Police have insisted Worthing is a safe place to live and visit following a town centre stabbing on Monday (February 18).
The community reacted in horror to the news that a 20-year-old man was stabbed twice in the back in West Street on Monday night.
Read about the incident here: Man stabbed twice in Worthing town centre attack
Many comments on the Herald's Facebook pages suggested it was a sign of Worthing's decline and an example of the country as a whole falling into disrepair.
Commenting on the Worthing Herald page, Trudy Waldron said: "20 years ago when I moved here, Worthing was so lovely, calm, polite and had a community feel, but now it's the complete opposite. I hate going into town and avoid it as much as possible. Such a shame."
Jan Ward went a step further and said the incident was indicative of wider, national problems that had forced her to emigrate. She said she never wanted to return to her homeland, adding people abroad were much nicer to live among.
A concern for Worthing business-holders may be that fears over safety force people to think twice before visiting the town.
Jasmine Blundell commented on the Shoreham Herald's Facebook page. "Ok, maybe a trip to Worthing is not going to happen with my three kids," she said. "What's wrong with people? Get a life and stop it."
Several comments challenged the effectiveness of policing in the town, but Sussex Police have moved to quell any fears.
Adur and Worthing Prevention Inspector, Allan Lowe, said it was vital that the police force and the community work together to combat would-be criminals.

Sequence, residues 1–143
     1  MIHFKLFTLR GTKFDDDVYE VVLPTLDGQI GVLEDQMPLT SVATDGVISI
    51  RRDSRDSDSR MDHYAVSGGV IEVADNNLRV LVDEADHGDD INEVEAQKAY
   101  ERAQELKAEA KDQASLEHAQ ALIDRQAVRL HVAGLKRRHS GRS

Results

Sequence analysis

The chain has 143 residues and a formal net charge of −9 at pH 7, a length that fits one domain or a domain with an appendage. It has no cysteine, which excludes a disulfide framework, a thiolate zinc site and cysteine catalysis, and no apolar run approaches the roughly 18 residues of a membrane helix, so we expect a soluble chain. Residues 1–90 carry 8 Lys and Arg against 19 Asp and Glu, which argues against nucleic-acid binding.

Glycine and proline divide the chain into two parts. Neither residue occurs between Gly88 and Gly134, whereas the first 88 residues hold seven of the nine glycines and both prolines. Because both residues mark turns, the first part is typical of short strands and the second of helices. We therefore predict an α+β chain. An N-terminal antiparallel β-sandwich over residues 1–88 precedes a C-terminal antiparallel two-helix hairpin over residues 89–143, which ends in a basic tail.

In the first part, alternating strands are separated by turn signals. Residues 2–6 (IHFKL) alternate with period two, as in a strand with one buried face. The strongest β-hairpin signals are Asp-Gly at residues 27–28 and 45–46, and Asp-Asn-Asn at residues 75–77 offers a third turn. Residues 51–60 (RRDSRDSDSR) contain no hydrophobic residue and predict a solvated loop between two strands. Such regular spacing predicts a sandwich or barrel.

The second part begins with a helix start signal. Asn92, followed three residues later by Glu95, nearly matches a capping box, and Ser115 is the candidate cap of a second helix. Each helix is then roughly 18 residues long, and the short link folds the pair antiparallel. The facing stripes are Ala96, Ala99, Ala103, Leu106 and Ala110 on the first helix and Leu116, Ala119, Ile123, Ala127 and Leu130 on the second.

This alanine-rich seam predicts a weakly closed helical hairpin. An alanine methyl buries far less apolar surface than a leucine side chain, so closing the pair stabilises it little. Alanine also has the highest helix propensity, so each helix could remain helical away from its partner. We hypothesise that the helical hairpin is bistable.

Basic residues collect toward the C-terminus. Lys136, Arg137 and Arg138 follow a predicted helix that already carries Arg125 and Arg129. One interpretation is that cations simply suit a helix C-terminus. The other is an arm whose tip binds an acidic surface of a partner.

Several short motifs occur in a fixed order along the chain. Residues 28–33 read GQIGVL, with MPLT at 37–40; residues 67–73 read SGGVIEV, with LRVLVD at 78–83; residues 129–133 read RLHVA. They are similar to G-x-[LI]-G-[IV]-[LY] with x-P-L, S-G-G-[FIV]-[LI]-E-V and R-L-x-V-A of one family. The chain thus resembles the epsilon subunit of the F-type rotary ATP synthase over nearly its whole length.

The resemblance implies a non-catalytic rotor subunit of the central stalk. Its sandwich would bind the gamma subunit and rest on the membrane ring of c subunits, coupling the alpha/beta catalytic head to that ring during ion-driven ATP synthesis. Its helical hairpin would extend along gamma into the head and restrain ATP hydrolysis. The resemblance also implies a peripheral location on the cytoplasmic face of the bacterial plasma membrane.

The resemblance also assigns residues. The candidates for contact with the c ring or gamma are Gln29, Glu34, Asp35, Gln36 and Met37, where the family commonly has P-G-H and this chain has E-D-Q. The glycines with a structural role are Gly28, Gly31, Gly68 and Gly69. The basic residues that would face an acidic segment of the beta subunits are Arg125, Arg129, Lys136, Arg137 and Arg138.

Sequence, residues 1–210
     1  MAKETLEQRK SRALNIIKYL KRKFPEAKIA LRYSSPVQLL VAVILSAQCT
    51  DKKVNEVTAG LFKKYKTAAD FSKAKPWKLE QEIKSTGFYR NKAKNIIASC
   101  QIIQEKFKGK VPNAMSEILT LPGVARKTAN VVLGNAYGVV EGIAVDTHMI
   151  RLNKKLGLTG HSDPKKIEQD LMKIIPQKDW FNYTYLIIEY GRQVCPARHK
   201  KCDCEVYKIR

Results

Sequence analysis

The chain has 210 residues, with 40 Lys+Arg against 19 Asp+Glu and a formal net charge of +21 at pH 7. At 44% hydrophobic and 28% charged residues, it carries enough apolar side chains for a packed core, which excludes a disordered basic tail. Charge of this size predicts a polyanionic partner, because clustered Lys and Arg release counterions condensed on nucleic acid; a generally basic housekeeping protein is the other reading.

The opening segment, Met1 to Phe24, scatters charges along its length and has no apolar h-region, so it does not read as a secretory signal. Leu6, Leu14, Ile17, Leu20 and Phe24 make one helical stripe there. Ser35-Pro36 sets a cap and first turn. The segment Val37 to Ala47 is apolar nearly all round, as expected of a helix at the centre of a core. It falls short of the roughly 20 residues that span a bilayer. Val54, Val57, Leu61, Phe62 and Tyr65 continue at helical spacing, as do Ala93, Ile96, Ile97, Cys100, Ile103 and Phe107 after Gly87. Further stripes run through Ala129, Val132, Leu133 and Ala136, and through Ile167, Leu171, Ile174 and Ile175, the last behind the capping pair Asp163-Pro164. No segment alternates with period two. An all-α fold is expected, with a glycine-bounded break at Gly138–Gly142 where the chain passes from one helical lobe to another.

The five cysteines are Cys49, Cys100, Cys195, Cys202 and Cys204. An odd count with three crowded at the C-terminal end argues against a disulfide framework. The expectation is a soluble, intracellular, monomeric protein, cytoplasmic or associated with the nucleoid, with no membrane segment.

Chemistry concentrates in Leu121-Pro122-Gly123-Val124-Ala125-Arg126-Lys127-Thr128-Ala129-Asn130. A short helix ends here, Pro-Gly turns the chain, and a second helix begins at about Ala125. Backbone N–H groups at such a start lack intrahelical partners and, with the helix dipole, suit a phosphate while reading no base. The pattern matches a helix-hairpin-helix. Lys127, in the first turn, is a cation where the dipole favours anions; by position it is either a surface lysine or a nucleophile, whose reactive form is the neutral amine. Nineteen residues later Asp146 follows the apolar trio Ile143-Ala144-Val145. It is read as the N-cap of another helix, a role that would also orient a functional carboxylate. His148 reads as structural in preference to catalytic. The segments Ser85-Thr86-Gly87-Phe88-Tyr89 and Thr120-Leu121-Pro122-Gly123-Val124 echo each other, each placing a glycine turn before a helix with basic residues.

"Violent crimes are obviously distressing but I can assure local people that we are doing all we can, taking targeted action to help keep them safe," he said.
“Criminality that puts people's lives at risk is never acceptable and it's vital that the community pulls together to help us deal with those responsible.
“I understand that residents will be concerned but I want to reassure everyone that their safety is our priority.
"We are continuing with proactive patrols, carrying out warrants and stop and search. The aim is for these people to realise that we are here, we are tackling this issue and people involved in this criminality will be dealt with accordingly.
"Let's work together to make the area a safe place. No one knows their neighbourhoods better than residents themselves, so please get in touch if something seems suspicious or out of place."
Tony Bellasis, commenting on the Worthing Herald page, summarised the issue succinctly with a rallying cry to the community.
He said: "Our police need the support of everyone for all our benefit. Britain is broken but it will not get fixed on its own or just by the efforts of the police. We all need to help."
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